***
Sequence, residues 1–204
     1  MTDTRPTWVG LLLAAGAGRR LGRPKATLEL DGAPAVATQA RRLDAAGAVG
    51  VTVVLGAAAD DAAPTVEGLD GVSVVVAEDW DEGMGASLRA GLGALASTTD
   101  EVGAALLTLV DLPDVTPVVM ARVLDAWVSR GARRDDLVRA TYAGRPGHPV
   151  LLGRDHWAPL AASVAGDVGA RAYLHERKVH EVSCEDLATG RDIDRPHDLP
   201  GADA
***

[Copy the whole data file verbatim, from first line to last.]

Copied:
Sequence, residues 1–204
     1  MTDTRPTWVG LLLAAGAGRR LGRPKATLEL DGAPAVATQA RRLDAAGAVG
    51  VTVVLGAAAD DAAPTVEGLD GVSVVVAEDW DEGMGASLRA GLGALASTTD
   101  EVGAALLTLV DLPDVTPVVM ARVLDAWVSR GARRDDLVRA TYAGRPGHPV
   151  LLGRDHWAPL AASVAGDVGA RAYLHERKVH EVSCEDLATG RDIDRPHDLP
   201  GADA